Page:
Photo by tracktwentynine on Flickr.

Today, Amtrak turns 40.

May 1st, 1971 was a bittersweet day for American railroading. That day, under half the number of trains operated in April 30th would run. But the loss of service on countless routes was tempered by the promise of a federally supported system.

By the late 1960s, the provision of rail service by private railroads was becoming increasingly difficult to justify, and the future of passenger trains was very much in doubt.

When Amtrak was formed, few expected the railroad to survive as long as it has, but the company has persevered. And it has built upon the bare-bones system of 1971, improving service in many areas.

The Northeast Corridor is an excellent example. Investments in the busiest and fastest rail corridor in the country have almost doubled the ridership of 1975. Since Amtrak took over ownership of most of the Northeast Corridor in 1976, they’ve completed electrification of the entire route. Speeds have been increased from a maximum of 110 mph to 135 mph south of New York, and from a maximum of 90 mph to 150 mph between New York and Boston.

And today, Corridor trains — both the Northeast Regional and the Acela Express — make an operating profit. However, despite it’s “above the rail” profit, the Corridor faces a massive $5.2 billion backlog of maintenance.

But Amtrak continues to look to the future. In September, they released a proposal to create a 220 mph high-speed corridor between Washington and Boston.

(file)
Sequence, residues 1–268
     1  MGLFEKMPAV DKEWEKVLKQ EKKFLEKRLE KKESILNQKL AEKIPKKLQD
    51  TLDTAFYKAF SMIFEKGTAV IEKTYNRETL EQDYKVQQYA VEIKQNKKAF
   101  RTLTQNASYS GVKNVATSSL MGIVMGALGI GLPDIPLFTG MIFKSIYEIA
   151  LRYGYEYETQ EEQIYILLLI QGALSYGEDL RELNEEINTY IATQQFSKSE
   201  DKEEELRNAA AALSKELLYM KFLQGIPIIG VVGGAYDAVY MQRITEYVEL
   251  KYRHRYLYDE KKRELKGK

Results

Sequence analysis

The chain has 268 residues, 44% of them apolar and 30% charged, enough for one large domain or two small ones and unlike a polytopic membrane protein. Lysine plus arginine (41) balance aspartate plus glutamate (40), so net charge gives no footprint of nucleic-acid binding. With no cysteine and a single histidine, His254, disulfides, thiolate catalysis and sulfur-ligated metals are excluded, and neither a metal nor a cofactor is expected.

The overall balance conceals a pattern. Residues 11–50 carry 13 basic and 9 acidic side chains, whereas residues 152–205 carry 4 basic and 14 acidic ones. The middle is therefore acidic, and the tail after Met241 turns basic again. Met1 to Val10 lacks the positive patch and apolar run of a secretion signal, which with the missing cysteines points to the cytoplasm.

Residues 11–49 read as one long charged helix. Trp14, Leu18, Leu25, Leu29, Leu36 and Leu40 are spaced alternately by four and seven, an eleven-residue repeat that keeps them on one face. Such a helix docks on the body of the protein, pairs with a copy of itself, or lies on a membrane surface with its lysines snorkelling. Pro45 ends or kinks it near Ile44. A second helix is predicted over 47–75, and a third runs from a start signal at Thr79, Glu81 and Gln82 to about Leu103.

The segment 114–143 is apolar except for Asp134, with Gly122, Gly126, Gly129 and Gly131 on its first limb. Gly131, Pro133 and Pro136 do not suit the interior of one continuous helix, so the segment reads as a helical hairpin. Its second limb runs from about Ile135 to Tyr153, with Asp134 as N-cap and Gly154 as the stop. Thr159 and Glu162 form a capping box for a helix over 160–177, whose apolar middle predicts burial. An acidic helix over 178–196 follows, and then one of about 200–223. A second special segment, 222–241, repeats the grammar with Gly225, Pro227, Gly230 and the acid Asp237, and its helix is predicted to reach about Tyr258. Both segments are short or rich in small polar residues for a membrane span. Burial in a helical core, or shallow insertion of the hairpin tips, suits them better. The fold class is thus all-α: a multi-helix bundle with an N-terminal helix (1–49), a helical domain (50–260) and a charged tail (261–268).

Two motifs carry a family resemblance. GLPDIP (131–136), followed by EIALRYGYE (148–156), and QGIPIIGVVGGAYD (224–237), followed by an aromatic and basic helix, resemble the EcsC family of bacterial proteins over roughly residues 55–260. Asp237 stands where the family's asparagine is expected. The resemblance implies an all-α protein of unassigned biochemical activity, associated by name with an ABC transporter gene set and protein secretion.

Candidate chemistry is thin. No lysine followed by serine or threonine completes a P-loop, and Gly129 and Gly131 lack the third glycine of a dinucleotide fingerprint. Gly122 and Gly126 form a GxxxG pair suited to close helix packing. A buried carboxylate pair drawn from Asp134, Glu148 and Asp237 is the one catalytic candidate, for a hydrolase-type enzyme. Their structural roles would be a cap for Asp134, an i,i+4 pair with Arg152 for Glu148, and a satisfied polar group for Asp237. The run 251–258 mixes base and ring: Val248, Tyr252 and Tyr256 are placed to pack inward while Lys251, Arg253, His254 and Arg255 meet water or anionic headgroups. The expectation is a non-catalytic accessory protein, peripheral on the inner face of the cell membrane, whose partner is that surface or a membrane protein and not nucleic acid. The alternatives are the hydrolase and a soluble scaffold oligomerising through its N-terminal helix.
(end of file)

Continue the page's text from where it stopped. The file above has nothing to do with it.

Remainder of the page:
Amtrak’s investments are paying off. Ridership has been increasing for the past several months, and March was the 17th consecutive month of year-over-year ridership growth.

President Obama’s rail improvement initiatives promise to build the foundation for a bright future for rail in America. Even in the face of the cancellation of high-speed rail projects in Wisconsin and Florida, federal money is already laying new tracks from coast to coast. New cars and new locomotives are on order, and Americans are riding the rails in record numbers.

The last 40 years have certainly been tumultuous for Amtrak. Things seem to be looking up for Amtrak today. Hopefully the next 4 decades will be smooth sailing.

Make sure to come out next Saturday, May 7th, to celebrate National Train Day at Union Station.

Tagged: amtrak, transit

Matt Johnson has lived in the Washington area since 2007. He has a Master’s in Planning from the University of Maryland and a BS in Public Policy from Georgia Tech. He lives in Dupont Circle. He’s a member of the American Institute of Certified Planners, and is an employee of the Montgomery County Department of Transportation. His views are his own and do not represent those of his employer.